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DIY OISC Computer

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Haha, I'm sure that most forum people have seen a topic or two like this one before. I know I have! This one isn't like most others though. For starters, I have the design completed. This is mostly about the nuances of laying out the high frequency PCB. So, lemme catch anyone reading this up to speed.

* I have an 8 bit OISC computer designed for scalar parallelization and word-size.
* The computer works on one instruction, which is subtract and branch is less than or equal to zero. (SUBLEQ)
* I have several working programs. One applies a median filter to an 8 color 32x32 image. Another subtracts two numbers gathered from the keyboard, checking to make sure they are numbers. Another that prints "Hello World".So, on to the issues. I am currently in the process of laying the PCB out in ExpressPCB. (Please don't start a flame war on this. I know how to use other CAD tools, but because I am intending on building this PCB myself, ExpressPCB makes the fastest prototypes for me, over KiCAD. (I dunno about Eagle, I hate it... lol)) I have a 40 MHz oscillator immediately running into a frequency divider that makes 4 nice clean, sequential pulses to run my logic in the order I need to run it. It branches and then runs into the program counter which ends up running into the ROM program, at it's raging 40MHz still. But after it comes out of there, everything is running at 10MHz. What PCB precautions do I have to take with such a fast clock? I'm extremely weary of running that thing anywhere. I think the total length of the antenna so far is about 6 inches max. I'm having trouble printing out the PCB, so I'm really sorry. It is two layers with no ground plane. I'm afraid that the ground plane will make parasitic capacitance and reduce the frequency response of the traces. My engineer father says that isn't the case, but it makes sense to me so I haven't put one in. That's about it.

Forget the parasitic capacitance, it won't matter. Instead, understand how every signal needs a path for the return current as well. The return current is equally part of the signal loop. It is just our way of thinking and creating schematics that tends to hide this fact from view. The higher the frequency, the more tightly the return current follows the path of the forward signal current. If you force the return current to follow a different route, the signal will be all over the place with reflections, EMI radiation and other problems. For that reason planes are necessary at high frequencies. In this sense 10 MHz and even 40 MHz is not really a high frequency, but it would be better to observe sound design practice nevertheless. So, again daddy knows best. Just do it.

Okay, no problem! Should I also have a plane for the 5 volt supply as well? It would be certainly not reduce the length of the power traces. I of course they don't have any kind of signal on them, so they shouldn't be a problem. And tomorrow is pcb layout day, and so I'll be doing that all day. :)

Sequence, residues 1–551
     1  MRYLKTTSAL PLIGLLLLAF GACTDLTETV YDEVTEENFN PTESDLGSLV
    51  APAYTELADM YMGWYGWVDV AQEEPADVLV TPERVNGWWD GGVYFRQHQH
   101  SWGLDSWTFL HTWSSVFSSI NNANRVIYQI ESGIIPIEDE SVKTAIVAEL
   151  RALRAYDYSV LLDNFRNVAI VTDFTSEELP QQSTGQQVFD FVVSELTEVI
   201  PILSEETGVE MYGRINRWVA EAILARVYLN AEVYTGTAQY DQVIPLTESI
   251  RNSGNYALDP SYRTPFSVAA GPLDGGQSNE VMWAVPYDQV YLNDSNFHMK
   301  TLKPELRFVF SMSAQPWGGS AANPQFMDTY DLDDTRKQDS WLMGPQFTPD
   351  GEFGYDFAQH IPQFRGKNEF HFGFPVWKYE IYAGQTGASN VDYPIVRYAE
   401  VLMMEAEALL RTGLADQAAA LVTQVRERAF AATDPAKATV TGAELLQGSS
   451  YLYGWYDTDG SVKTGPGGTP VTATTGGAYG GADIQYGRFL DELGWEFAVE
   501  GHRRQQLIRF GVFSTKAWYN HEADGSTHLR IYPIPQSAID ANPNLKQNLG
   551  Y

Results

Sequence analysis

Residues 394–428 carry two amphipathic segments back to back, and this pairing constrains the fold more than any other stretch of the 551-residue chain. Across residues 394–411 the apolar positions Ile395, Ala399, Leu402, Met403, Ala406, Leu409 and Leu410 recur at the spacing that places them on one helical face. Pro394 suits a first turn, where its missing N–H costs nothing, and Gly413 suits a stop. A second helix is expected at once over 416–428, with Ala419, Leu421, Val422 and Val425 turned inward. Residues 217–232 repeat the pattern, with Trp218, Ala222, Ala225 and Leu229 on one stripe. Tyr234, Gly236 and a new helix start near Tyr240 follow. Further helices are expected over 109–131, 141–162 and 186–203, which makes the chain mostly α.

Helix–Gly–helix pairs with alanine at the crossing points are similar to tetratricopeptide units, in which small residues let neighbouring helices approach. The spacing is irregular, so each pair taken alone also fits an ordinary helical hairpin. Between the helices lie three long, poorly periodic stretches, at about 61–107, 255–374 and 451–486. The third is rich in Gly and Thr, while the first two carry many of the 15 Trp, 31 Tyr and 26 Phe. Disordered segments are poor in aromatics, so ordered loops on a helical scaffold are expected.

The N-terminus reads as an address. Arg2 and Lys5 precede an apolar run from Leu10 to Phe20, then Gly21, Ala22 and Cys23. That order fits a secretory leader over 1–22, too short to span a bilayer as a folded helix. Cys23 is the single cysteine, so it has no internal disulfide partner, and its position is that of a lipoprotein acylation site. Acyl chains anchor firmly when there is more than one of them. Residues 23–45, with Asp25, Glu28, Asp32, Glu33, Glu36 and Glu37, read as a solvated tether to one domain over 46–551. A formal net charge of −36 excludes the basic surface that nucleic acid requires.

Well if you keep to a 2 layer board you can't have 2 power layers because then you are left with no signal layers... The obvious solution would be a 4 layer board but i guess here it would be overkill.
What i would do and have often done in fact, in a case like this is to use a 2 layer board with bottom layer dedicated to ground plane as far as possible. The last bit means that i do route some signals there as well, but always keeping the return current paths in mind, so as not to interrupt the plane with a transverse trace across a return path. Not the easiest thing to do in all cases, but usually with time and patience you will get there. Then the top layer is mostly reserved for positivce supply routing and signaling. All unused area on top is flooded with copper connected to supply voltage, thus creating low loss bypass capacitance against the ground plane. Works like a charm, at least if you keep below say 50 MHz, maybe somewhat higher, and give priority to HF signal routing.
This method won't really work anymore if you get to frequencies where signals need to be terminated and length matched. Then you are in transmission line land, and quite different rules apply. Making a transmission line with proper impedance levels in 2 layer is cumbersome and 4, 6 etc layers are indicated for purely electrical reasons. But not at 40 MHz yet, so my recommendation above stands.


--- Quote from: Kremmen on December 30, 2012, 08:48:01 am ---Well if you keep to a 2 layer board you can't have 2 power layers because then you are left with no signal layers... The obvious solution would be a 4 layer board but i guess here it would be overkill.

--- End quote ---
What I used to do for these kind of board is use a grid for power distribution and a 100nf decoupling capacitor at the crossings. This gives each chip 4 feeding points from a 100nf capacitor.


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